Marshall didn't answer questions about his arrest on Monday but gave a short statement about it.

"Basically, I know the seriousness of it and it was a terrible mistake," Marshall said. "I have my lawyer on it now and hopefully everything gets situated soon and I can talk more about it then."

--Unless WR Rod Smith makes a very fast comeback from a hip injury, K Jason Elam will be the only Broncos player who played in Super Bowl XXXII against Green Bay who will also play on Monday against the Packers. Smith, who started in that Super Bowl, returned to practice for the first time all season this week. C Tom Nalen also started in the Super Bowl, but he is on injured reserve with a biceps injury.

"When I came in the league, I never thought I'd be going into my 15th year," Elam said about his longevity. "I was just hoping to play three or four years, maybe bounce around from team to team. I don't think you ever expect anything like this to happen."

--The Broncos haven't hosted Packers QB Brett Favre at Invesco Field at Mile High. Favre played in Denver once, but that was in 1999 at old Mile High Stadium.

Denver is one of three NFL cities in which Favre hasn't thrown a touchdown. Pittsburgh and Baltimore are the other two.

--WR Rod Smith's return to practice for the first time since last season was a welcome sight to the Broncos. Smith had hip surgery in February, and he has been on the physically unable to perform list. The Broncos were happy that one of their captains was back.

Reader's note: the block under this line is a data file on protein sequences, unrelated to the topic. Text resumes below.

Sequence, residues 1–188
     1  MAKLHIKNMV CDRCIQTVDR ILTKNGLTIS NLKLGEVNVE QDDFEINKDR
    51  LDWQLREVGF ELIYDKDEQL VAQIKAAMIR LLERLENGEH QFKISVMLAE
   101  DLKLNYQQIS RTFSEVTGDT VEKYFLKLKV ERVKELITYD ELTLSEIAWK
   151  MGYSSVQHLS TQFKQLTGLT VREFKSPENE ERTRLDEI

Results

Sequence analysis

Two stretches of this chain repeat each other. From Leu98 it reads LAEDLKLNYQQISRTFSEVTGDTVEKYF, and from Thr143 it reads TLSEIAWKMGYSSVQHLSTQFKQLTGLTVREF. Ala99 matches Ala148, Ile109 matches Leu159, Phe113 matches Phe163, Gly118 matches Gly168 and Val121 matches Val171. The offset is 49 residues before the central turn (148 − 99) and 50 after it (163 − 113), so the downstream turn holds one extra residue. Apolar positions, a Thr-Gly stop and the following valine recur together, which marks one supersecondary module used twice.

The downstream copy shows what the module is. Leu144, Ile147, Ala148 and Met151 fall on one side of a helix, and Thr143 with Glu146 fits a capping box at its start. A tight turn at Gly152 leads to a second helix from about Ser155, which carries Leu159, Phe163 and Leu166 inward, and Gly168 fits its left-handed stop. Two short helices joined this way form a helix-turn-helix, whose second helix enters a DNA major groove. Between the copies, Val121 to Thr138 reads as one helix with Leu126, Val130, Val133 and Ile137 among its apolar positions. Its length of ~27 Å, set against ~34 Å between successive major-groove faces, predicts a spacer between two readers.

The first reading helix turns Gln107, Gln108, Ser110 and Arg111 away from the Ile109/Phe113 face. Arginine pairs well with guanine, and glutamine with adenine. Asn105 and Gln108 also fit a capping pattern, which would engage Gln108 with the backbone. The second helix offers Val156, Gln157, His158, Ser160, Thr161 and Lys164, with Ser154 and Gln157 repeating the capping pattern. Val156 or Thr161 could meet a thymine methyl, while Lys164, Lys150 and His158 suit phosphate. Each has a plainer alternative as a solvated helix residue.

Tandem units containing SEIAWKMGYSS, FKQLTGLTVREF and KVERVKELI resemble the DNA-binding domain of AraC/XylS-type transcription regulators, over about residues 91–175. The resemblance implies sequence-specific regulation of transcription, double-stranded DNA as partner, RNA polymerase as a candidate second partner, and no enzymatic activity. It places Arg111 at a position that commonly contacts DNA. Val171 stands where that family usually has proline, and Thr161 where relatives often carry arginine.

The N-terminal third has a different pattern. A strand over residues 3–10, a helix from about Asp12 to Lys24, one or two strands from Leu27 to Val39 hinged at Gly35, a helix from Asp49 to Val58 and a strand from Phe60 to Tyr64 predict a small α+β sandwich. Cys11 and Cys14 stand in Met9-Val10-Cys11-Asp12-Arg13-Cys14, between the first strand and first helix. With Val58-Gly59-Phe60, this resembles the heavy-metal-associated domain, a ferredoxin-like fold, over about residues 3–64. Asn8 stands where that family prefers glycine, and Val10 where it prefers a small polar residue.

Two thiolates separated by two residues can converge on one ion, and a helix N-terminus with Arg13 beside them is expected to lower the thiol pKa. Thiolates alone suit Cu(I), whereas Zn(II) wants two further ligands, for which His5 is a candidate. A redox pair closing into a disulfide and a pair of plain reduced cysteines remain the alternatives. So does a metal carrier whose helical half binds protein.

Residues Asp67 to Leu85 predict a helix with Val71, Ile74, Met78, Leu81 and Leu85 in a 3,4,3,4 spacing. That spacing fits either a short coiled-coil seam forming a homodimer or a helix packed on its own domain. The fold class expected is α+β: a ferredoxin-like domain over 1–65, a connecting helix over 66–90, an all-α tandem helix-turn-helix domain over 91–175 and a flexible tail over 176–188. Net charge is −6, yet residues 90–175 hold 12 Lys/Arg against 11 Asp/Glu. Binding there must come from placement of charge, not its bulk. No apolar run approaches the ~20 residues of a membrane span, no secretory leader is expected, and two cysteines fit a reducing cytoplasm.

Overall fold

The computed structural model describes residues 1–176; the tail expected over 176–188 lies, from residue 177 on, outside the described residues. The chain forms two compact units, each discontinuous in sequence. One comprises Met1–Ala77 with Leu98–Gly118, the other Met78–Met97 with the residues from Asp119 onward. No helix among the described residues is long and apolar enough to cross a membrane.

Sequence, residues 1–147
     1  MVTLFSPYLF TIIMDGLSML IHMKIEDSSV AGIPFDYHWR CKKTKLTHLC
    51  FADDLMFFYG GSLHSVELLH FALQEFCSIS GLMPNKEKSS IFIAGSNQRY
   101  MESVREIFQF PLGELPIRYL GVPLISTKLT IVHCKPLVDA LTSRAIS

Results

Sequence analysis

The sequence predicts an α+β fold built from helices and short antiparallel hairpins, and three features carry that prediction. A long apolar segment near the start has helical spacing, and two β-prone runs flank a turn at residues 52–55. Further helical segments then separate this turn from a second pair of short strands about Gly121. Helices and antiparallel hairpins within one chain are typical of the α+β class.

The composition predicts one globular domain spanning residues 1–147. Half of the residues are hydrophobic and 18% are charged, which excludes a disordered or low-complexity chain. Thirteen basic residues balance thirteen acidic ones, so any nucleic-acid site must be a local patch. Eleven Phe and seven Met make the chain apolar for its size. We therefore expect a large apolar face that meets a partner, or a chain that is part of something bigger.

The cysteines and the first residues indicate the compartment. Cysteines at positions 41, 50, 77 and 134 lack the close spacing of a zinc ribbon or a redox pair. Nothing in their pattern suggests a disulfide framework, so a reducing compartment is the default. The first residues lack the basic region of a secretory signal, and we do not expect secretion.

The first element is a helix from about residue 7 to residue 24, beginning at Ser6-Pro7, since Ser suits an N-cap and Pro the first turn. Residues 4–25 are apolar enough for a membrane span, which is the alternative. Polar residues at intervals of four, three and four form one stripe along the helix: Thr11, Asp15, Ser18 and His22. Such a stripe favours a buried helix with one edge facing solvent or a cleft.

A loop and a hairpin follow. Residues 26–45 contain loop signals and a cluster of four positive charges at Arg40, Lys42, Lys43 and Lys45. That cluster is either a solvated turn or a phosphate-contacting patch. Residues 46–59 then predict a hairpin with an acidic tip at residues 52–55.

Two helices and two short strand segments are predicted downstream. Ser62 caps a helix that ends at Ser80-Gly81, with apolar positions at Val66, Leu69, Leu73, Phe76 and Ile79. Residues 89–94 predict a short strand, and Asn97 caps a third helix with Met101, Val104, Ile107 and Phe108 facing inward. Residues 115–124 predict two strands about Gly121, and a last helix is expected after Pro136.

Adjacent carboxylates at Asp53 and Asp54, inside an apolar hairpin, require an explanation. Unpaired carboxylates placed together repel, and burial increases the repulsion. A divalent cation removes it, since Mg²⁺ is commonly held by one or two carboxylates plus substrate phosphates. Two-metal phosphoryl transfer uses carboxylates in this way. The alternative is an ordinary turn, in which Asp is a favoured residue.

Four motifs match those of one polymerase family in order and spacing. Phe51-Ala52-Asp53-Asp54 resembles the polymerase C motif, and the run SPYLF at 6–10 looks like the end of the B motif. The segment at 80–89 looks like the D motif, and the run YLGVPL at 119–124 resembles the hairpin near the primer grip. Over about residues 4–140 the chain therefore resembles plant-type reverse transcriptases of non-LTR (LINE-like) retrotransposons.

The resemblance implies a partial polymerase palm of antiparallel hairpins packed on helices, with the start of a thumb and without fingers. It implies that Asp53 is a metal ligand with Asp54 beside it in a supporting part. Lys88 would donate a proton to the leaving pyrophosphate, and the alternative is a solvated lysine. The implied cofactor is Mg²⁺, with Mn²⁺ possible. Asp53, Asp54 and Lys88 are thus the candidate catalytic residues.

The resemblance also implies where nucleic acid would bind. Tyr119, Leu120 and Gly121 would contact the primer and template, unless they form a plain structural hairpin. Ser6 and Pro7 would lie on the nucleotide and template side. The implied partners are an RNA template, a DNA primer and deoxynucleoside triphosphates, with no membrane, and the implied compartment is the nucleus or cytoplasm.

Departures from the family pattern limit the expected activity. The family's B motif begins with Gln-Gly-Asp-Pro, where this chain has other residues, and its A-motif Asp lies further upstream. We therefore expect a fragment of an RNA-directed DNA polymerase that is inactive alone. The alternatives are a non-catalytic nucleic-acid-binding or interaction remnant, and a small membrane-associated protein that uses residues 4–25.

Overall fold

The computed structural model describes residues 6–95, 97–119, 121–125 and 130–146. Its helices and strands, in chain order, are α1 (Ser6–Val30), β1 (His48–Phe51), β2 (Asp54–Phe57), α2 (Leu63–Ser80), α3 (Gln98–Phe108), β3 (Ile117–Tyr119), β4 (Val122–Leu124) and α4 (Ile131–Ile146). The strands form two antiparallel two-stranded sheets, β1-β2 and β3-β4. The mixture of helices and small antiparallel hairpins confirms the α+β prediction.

"He's one of our leaders," CB Dre Bly said. "He's been working tremendously hard to get back to this point where he can participate in practice, run routes and do what he's been doing his whole career."

BY THE NUMBERS: 13 -- Starting quarterbacks for the Denver Broncos since Brett Favre's consecutive-games streak began in 1992.

QUOTE TO NOTE: "It seems like he's having fun, enjoying the game. He can still throw the heck out of the football." -- Broncos coach Mike Shanahan on Brett Favre.


WR Rod Smith returned to practice on Oct. 24, starting a three-week window in which Smith can practice without being put on the active roster. The Broncos have until Nov. 14 to activate Smith or lose him for the season.

With WR Javon Walker out for perhaps another five weeks, the Broncos could use Smith. They will monitor him in practice before deciding when he might return.


--CB Domonique Foxworth will go back to the nickel cornerback position if Champ Bailey returns. But he has a lot of value in that spot, especially this week against a Green Bay team that likes to spread the field.

--TE Chad Mustard is behind Tony Scheffler on the depth chart. But Mustard isn't the same type of player as Scheffler, who has a lower leg injury. Scheffler can stretch the field with his speed, and Mustard is more of a blocker, so if Scheffler can't play, it would affect Denver's game plan.

--RB Selvin Young could get an extra workload, whether Travis Henry (ribs) plays or not. Even if Henry plays, he is still in pain and unlikely to be ready for a full workload. The Broncos have confidence in Young, who would add a big-play element at halfback.

--CB Dre Bly used to play Green Bay twice a year as a member of the Lions, and he has five interceptions off Brett Favre, his most against any quarterback.

--WR Brian Clark saw some action on offense with Javon Walker out last week. Clark showed some big-play ability in the preseason, and the Broncos are hoping he develops into a consistent playmaker.

--RB Andre Hall would likely see a lot of action on offense if Travis Henry is limited or doesn't play because of bruised ribs. Hall might get his chance later in the season, too, if Henry's appeal of a one-year suspension by the NFL is unsuccessful.